It is important for clinicians to recognise WWJS because it is a rare benign disease that usually self-resolves but should be distinguished from a malignant process or another underlying systemic disease, such as HIV infection. The underlying pathophysiology of WWJS is unclear, but a high index of suspicion should exist in settings of trauma, such as in this case patient’s scenario.
2. Warner J, Jones EW. Pyogenic granuloma recurring with multiple satellites: a report of 11 cases. Br J Dermatol 1968; 80: 218-227.
3. Pitarch G, Pérez-Ferriols A, Millán F. Recurrent pyogenic granuloma. Actas Dermosifiliogr (English edition) 2012; 103: 536-539.
4. Sbano P, Nami N, Grimaldi L, Rubegni P. True amelanotic melanoma: the great masquerader. J Plast Reconstr Aesthet Surg 2010; 63: e307-e308.
5. Cheung WL, Patel RR, Leonard A, Firoz B, Meehan SA. Amelanotic melanoma: a detailed morphologic analysis with clinicopathologic correlation of 75 cases. J Cutan Pathol 2012; 39: 33-39.
6. Tappero JW, Perkins BA, Wenger JD, Berger TG. Cutaneous manifestations of opportunistic infections in patients infected with human immunodeficiency virus. Clin Microbiol Rev 1995; 8: 440-450.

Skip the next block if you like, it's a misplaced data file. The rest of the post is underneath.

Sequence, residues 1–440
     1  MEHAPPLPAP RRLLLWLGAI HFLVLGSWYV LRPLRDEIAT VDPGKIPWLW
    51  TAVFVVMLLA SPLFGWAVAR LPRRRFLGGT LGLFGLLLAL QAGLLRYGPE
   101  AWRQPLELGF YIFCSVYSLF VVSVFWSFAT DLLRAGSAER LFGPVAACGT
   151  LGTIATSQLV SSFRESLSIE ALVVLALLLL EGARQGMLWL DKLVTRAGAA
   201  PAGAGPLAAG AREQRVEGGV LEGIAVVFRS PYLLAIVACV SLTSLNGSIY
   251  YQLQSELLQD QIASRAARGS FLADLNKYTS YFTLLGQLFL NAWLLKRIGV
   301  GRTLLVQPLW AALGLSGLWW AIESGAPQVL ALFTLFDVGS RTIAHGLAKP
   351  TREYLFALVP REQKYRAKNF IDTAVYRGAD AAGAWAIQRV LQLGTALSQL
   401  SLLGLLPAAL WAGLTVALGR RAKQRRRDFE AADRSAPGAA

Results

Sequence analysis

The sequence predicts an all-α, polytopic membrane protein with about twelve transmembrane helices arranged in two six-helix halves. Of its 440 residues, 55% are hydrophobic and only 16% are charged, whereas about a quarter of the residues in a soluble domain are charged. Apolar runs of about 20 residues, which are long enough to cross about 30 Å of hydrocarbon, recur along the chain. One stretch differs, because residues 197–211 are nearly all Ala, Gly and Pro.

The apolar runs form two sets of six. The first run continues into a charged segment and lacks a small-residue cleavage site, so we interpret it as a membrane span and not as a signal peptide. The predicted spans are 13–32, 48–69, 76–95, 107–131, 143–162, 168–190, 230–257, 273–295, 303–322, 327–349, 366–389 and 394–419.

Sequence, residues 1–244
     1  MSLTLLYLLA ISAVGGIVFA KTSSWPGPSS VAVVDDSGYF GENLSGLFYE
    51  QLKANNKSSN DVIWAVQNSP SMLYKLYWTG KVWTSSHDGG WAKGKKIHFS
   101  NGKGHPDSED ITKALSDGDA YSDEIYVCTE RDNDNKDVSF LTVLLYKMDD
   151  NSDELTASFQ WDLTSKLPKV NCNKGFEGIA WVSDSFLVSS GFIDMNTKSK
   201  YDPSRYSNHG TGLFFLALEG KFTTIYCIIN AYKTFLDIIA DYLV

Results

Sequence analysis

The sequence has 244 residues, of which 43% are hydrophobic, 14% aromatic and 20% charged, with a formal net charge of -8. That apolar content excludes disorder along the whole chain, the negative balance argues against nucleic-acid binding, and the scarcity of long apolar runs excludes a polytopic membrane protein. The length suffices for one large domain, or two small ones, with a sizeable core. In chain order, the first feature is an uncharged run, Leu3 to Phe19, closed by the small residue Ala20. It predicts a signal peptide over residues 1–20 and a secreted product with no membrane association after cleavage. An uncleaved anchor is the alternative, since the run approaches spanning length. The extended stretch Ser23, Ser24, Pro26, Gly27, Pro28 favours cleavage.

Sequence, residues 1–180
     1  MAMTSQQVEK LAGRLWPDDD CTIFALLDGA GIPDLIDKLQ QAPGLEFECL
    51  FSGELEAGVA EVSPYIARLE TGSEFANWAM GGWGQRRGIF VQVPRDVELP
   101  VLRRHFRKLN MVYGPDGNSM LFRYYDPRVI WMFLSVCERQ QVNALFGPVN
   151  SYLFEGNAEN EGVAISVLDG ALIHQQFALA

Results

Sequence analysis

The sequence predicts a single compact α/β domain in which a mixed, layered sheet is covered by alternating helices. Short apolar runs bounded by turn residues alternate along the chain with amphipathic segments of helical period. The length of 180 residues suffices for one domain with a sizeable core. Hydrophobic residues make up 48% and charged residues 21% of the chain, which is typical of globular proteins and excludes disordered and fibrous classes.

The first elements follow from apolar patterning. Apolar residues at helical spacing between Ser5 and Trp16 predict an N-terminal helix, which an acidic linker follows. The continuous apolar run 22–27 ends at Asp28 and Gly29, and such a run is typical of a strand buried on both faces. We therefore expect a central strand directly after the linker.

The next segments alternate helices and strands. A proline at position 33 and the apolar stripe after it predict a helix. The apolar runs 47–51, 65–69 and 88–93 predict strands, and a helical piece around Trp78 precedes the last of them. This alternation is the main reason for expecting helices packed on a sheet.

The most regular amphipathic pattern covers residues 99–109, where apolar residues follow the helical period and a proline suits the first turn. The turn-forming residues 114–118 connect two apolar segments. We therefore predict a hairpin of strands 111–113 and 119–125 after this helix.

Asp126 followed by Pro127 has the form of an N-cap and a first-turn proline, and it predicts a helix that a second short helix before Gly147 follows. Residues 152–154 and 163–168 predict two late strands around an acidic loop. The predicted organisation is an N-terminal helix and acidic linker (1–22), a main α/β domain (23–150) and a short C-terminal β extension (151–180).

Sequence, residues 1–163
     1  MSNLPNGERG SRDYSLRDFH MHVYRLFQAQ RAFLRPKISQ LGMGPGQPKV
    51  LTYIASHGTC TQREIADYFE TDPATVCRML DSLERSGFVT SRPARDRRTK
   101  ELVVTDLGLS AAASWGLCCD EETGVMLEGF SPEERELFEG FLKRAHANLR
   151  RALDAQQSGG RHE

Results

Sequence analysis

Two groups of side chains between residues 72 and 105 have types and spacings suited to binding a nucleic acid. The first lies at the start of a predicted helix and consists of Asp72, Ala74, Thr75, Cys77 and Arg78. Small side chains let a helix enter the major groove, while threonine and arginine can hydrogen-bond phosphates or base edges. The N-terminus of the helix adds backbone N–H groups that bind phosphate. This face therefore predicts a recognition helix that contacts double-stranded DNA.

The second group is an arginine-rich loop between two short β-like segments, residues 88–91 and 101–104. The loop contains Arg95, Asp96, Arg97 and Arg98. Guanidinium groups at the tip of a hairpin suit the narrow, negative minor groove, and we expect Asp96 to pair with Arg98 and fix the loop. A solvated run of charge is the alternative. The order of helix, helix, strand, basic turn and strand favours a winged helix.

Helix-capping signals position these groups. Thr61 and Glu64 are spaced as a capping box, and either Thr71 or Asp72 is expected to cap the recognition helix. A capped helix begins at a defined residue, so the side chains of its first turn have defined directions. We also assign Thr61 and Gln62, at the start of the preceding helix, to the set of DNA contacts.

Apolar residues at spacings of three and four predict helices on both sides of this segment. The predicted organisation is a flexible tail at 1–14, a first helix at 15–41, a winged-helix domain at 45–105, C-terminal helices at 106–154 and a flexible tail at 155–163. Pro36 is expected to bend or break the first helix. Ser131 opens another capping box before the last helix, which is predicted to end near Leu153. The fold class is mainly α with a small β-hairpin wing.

7. Prutsky G, Domecq JP, Mori L, et al. Treatment outcomes of human bartonellosis: a systematic review and meta-analysis. Int J Infect Dis 2013; 17: e811-e819.
8. Requena C, Alsina M, Morgado-Carrasco D, et al. Kaposi sarcoma and cutaneous angiosarcoma: guidelines for diagnosis and treatment. Actas Dermosifiliogr (English edition) 2018; 109: 878-887.
9. Patel SH, Hayden RE, Hinni ML, et al. Angiosarcoma of the scalp and face: the Mayo Clinic experience. JAMA Otolaryngol Head Neck Surg 2015; 141: 335-340.
10. Obaidat NA, Alsaad KO, Ghazarian D. Skin adnexal neoplasms – part 2: an approach to tumours of cutaneous sweat glands. J Clin Pathol 2007; 60: 145-159.
11. Paradela S, Del Pozo J, Martinez W, et al. Pyogenic granuloma: satellitosis after carbon dioxide laser vaporization resolved with an intense pulsed light system. Dermatol Surg 2007; 33: 104-108.
Dr Ho is an unaccredited Dermatology Trainee at St George Public Hospital, Sydney.
Dr Phan is a Clinical Senior Lecturer at Sydney Medical School – Concord Clinical School, University of Sydney, Concord Repatriation General Hospital, Sydney; and a Consultant Dermatologist and Mohs Micrographic Surgeon at Hunters Hill Private Hospital, Sydney, NSW.
Competing interests: None.